One phase power the power supplies and then all of the 3 phases also will be connected to the terminal block; So that we can use them to power the devices that work with the 3 phase supply.

We have the 3 phase supply connected on the bottom and the devices can be connected to the top of the terminal blocks.

If we put the main switch to the 0, the incoming 3 phase supply power will be disconnected, and that shuts down the whole control panel, including all of the devices that work with 24 Volt DC and 12 Volt DC, and also the devices that work with 3 phase power.

Summary

So to sum it all up, here is what we learned in this article:

– When we look at the panel from the outside, one of the first things we see is something labeled a “Main Switch” sometimes called an isolator.

– The main switch applies or disconnects the 3 phase power that we have in the control panel.

– We usually designate that 3 phases with the following labeling system; L1, L2, and L3 are the 3 phases of the supply. “N” is the neutral wire. The neutral wires’ purpose is to provide a path back to electrical ground to complete the circuit.

– The output of the main switch connects to the distribution unit. From there one of the phases goes to power the power supplies, and also goes into terminal block.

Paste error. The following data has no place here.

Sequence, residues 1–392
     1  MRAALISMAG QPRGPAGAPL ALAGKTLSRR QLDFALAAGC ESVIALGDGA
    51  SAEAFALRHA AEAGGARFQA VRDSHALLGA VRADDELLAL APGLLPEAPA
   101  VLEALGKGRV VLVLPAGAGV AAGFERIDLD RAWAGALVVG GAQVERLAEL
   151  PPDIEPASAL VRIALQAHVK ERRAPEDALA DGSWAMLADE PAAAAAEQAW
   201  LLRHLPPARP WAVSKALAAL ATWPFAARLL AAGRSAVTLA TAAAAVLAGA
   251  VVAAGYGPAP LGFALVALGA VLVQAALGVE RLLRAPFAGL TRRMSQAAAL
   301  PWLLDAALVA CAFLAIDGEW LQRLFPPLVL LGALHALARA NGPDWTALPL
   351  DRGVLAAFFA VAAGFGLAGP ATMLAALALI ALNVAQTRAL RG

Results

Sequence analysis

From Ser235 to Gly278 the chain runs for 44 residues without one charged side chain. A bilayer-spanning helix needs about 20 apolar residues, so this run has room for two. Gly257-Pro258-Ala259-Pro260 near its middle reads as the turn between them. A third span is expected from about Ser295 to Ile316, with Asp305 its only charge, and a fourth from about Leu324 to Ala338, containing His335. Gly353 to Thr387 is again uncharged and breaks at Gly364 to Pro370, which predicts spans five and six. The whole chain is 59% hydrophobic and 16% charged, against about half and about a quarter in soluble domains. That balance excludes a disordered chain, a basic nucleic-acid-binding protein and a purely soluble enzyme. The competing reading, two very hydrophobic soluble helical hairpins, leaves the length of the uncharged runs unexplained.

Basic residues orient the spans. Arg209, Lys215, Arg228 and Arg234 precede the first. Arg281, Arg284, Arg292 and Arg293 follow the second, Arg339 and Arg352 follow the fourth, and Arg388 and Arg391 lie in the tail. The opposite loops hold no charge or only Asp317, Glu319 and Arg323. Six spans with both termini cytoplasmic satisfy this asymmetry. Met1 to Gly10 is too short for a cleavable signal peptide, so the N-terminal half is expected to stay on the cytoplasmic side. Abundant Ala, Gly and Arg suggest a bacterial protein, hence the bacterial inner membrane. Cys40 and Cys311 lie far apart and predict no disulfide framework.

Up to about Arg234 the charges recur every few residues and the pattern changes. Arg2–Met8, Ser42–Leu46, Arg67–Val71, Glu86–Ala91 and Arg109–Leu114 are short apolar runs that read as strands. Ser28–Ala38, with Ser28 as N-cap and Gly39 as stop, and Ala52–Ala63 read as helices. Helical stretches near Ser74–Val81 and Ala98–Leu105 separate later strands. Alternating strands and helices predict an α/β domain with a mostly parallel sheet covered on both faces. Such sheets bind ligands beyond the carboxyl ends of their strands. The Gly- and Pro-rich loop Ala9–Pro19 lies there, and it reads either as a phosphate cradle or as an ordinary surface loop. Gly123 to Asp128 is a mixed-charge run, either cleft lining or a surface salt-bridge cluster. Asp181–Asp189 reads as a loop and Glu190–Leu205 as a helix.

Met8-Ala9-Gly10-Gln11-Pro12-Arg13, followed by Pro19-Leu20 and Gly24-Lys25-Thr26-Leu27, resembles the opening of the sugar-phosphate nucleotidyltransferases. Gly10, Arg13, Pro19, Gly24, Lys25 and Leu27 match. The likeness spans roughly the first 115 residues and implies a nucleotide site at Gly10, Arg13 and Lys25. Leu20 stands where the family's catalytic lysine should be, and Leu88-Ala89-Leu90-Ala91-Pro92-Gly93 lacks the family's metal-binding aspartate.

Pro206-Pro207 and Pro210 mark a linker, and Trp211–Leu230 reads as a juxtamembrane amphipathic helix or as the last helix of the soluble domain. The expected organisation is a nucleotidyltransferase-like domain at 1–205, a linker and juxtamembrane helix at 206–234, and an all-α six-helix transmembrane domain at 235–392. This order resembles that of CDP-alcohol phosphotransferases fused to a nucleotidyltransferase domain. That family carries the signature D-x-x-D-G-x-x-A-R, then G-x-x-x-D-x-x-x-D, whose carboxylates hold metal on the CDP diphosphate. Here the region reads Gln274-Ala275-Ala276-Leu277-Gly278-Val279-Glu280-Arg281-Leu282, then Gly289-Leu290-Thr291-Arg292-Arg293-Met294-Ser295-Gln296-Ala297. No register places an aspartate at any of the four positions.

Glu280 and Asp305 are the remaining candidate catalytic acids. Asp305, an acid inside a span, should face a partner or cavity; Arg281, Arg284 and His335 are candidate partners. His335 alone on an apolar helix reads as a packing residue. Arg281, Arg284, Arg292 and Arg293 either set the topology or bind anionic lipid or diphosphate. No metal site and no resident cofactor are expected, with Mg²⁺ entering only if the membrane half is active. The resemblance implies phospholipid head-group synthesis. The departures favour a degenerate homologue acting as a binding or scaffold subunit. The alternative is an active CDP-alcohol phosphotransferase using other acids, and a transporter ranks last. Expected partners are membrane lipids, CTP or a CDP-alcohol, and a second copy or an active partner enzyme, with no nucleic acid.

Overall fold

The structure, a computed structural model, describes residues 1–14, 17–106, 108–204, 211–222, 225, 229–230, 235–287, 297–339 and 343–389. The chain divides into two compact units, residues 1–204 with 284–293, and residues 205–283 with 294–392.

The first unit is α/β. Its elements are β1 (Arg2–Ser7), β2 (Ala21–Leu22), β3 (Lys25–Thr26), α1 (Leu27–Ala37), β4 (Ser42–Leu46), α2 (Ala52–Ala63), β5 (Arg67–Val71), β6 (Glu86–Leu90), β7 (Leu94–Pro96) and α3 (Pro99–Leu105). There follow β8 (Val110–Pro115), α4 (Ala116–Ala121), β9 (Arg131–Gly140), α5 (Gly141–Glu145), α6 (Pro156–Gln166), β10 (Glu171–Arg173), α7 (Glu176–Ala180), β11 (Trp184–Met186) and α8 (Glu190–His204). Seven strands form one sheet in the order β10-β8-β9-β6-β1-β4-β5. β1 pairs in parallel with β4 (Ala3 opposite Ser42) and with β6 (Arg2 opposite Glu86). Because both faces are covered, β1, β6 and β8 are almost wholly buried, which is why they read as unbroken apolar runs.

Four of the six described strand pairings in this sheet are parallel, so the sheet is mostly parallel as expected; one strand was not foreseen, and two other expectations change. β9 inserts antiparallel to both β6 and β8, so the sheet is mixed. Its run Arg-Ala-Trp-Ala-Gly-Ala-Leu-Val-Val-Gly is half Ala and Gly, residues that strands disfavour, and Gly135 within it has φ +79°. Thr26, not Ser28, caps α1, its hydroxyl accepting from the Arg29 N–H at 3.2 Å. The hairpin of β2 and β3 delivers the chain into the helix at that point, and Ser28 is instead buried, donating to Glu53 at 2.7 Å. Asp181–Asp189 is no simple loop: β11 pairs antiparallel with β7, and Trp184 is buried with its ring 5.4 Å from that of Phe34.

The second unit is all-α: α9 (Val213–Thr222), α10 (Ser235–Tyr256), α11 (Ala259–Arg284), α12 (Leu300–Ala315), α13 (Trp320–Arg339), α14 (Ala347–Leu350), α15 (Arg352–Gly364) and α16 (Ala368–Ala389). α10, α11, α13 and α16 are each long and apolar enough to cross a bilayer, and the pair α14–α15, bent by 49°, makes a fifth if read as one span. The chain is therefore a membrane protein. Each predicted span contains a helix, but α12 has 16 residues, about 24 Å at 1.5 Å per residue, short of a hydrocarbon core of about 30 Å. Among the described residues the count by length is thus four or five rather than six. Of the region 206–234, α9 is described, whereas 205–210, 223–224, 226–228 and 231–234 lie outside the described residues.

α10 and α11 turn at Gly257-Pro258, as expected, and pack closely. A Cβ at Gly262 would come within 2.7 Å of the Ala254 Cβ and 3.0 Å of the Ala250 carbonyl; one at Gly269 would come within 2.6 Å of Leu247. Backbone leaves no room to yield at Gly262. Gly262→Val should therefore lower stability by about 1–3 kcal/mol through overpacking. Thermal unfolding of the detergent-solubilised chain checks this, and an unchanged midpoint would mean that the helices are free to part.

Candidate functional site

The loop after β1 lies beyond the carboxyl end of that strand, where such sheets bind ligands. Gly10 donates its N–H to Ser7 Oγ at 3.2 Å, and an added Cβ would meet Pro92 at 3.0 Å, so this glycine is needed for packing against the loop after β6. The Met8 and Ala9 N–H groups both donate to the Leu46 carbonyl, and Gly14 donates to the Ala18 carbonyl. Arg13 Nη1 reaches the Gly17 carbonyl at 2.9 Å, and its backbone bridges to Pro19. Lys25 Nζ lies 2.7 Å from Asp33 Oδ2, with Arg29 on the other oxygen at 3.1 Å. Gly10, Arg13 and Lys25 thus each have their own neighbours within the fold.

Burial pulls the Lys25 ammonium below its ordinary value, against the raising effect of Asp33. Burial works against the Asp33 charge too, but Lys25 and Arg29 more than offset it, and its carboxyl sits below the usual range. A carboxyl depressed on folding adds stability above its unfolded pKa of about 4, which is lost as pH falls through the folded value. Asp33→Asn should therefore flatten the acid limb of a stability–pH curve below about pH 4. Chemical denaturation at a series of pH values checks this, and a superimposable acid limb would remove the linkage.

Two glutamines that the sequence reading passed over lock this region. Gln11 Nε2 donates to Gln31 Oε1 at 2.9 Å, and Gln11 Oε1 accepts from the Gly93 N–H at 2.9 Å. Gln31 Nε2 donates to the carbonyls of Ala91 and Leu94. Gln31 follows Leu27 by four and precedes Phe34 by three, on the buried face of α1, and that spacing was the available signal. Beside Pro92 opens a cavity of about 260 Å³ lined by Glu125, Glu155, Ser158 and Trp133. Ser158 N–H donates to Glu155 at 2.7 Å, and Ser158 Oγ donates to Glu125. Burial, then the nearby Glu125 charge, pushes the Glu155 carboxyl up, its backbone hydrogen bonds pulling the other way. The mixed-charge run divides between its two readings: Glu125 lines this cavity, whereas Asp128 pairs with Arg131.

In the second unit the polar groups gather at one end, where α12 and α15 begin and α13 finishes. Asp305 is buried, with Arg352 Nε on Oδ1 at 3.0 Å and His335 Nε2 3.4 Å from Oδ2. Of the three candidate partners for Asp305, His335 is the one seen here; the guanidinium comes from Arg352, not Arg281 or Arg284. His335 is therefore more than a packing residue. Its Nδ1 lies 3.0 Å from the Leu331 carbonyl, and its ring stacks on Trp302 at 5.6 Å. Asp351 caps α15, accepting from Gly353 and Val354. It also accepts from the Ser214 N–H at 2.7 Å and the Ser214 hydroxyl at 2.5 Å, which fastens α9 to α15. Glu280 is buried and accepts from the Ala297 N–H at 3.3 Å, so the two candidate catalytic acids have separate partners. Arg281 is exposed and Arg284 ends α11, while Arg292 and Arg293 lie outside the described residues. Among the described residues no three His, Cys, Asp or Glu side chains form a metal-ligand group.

– The input to power supplies can be 100-240 Volt AC. These power supplies transform the AC signal into a DC voltage output, 24 volts one case, and 12 volts on the other. This DC power can then be used for devices in the control panel, or for devices out in the field too!

– The 3 phase power that goes into terminal block can be used to power the devices that work with 3 phase power.

– When we put the main switch to the ‘0’ position, the incoming 3 phase supply power will be disconnected, and that shuts down the whole control panel, including all of the devices that work with DC power, and also the devices that work with 3 phase power.

That’s it for this article! We are starting to get into a bit more detail about the inner workings of the control panel now, and thanks for staying with us so far! If you’ve understood everything we’ve covered so far, you are now well on the way to having a great understanding of how a control panel works, add to that now the main switch function, and why we use them, you’ll soon be powering on your future!

This article was brought to you by RealPars in partnership with Pro-control in the Netherlands.

They are experts at control system design and industrial automation. They have a team of world-class automation engineers and have been designing and implementing industrial control systems in different industries for many years.

If you want to get in contact with them, you can check out their website at pro-control.nl.

Thank you so much for watching, sharing, and encouraging this community with your voice. 

Got a friend, client, or colleague who could use some of this information? Please share this article.

The RealPars Team

By Shahpour Shapournia

By Shahpour Shapournia

Business Developer, RealPars

Posted on Nov 25, 2019

By Shahpour Shapournia

Business Developer, RealPars

Posted on Nov 25, 2019